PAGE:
The U.S. Food and Drug Administration (FDA) is the government agency responsible for protecting public health by regulating human drugs and biologics, animal drugs, medical devices, tobacco products, food (including animal food), cosmetics, and electronic products that emit radiation. What may surprise you is that many of these products do not undergo an FDA approval process before they become available to consumers. Some products are put through the approval process after they are already for sale. But many of these common items are not nor will they ever be “FDA approved”.
The FDA does not approve companies. Health care facilities, laboratories, and manufacturers are regulated by the FDA and the FDA has been given regulatory authority by Congress to act and investigate companies when safety issues arise. Companies are required to comply with good manufacturing practices, but not required to undergo FDA approval.
While the FDA approves new drugs and biologics, they do not approve compound use of these drugs. Doctors often prescribe multiple medications to their patients to treat one or many ailments. The combination of these medicines is not approved by the FDA and never evaluated for safety, effectiveness, or quality.
Cosmetics are not FDA approved. Perfume, makeup, moisturizers, shampoos and conditioners, face wash, and shaving products do not require FDA approval before they go on the market. Medical foods, infant formula, and dietary supplements are not FDA approved. Their manufacturing facilities are subject to regulation by the FDA, but the ingredients used are not required to obtain approval before the products are labeled and marketed to consumers.
Food labels and Nutrition Facts are not approved by the FDA. Food companies are expected to make labels that are truthful and not misleading and include certain information such as serving size and nutrient content of each serving. But the labels themselves are not approved by the FDA before the items are sold.
The FDA uses a risk-based, tiered approach for regulating medical devices. Class III devices pose the highest risk to patients and Class I the lowest risk. Class II and Class I devices do not require premarket approval by the FDA, meaning they can be used on patients without ever being approved. The Stockert 3T heater-cooler system is a device commonly used during cardiothoracic surgeries to regulate a patient’s body temperature. Since 2010, an alarming amount of patients have developed mycobacterium chimaera, a dangerous infection with a 50 percent mortality rate.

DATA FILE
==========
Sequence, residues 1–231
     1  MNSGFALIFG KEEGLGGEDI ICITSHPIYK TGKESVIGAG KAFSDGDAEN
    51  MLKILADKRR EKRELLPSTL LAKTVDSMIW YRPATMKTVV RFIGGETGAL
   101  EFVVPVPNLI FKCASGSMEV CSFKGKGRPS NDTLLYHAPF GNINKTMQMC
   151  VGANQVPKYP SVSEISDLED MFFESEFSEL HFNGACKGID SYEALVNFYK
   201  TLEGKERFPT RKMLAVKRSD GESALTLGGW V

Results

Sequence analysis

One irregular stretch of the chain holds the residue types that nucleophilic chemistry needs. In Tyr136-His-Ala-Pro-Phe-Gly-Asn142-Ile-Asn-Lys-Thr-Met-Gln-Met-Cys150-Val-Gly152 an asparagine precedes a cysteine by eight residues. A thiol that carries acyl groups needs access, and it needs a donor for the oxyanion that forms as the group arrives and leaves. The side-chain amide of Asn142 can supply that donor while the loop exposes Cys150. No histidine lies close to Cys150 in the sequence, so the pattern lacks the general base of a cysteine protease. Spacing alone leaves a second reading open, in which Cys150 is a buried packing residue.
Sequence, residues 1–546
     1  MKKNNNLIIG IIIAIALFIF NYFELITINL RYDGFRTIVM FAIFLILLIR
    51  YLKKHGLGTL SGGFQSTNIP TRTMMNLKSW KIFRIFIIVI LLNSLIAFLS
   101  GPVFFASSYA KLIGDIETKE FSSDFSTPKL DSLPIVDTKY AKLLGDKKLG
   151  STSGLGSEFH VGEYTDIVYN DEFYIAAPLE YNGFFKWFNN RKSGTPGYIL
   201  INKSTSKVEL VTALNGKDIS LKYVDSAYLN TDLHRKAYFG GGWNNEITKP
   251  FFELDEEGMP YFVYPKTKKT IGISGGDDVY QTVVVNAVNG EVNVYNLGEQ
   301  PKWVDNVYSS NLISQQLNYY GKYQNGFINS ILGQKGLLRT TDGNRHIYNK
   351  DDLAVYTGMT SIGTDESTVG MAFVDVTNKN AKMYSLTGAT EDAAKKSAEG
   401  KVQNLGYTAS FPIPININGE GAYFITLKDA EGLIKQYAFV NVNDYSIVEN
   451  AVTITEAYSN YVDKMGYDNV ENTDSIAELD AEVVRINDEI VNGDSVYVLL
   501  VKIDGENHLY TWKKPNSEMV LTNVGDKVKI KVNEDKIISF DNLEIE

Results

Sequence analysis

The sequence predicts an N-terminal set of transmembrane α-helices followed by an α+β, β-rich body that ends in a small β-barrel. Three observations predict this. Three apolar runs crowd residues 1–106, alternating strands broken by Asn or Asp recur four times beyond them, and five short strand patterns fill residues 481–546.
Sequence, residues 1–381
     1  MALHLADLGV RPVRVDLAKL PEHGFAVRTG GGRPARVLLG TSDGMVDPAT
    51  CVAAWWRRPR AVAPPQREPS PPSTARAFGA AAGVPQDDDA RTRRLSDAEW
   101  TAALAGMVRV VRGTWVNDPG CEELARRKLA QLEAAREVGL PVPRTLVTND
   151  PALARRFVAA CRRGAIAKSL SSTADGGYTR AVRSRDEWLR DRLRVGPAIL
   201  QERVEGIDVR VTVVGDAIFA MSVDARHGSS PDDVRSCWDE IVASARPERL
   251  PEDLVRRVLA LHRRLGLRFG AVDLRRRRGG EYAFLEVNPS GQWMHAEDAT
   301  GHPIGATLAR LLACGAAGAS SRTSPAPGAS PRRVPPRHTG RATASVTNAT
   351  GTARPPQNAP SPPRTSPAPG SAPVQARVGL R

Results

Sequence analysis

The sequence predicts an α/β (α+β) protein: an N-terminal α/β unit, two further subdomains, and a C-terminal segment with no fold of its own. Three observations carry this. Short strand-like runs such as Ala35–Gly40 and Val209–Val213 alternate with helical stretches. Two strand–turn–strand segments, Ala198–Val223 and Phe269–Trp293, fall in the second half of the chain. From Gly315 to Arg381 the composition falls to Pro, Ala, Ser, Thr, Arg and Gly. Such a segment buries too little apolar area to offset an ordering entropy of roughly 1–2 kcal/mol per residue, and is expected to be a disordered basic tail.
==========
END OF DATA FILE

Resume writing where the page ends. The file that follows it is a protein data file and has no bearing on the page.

Physiomesh is a surgical mesh commonly used in the treatment and repair of hernias. Physiomesh was not required to receive the approval of the FDA before being used in hernia surgery because the manufacturing company claimed it was similar to other types surgical mesh already being used. Many patients soon discovered that this claim was false and have suffered complications including major pain, hernia reoccurrence, and adhesions.
Product liability lawsuits are a way consumers can hold manufacturers accountable for their negligent actions. When the FDA does not require a manufacturer to get approval for their product, consumers run the risk of experiencing damaging side effects from product use. Filing a product liability lawsuit against a company forces manufacturers to accept responsibility for damages caused by the product and change their manufacturing process to protect future consumers.
If you or someone you love has experienced a damaging or deadly side effect after using a product, Tad Thomas, Louisville, KY product liability lawyer can help. The legal team at Thomas Law Offices is experienced in cases that hold manufacturers and businesses responsible consumer safety. Contact Thomas Law Offices today for a free, zero-obligation consultation of your case.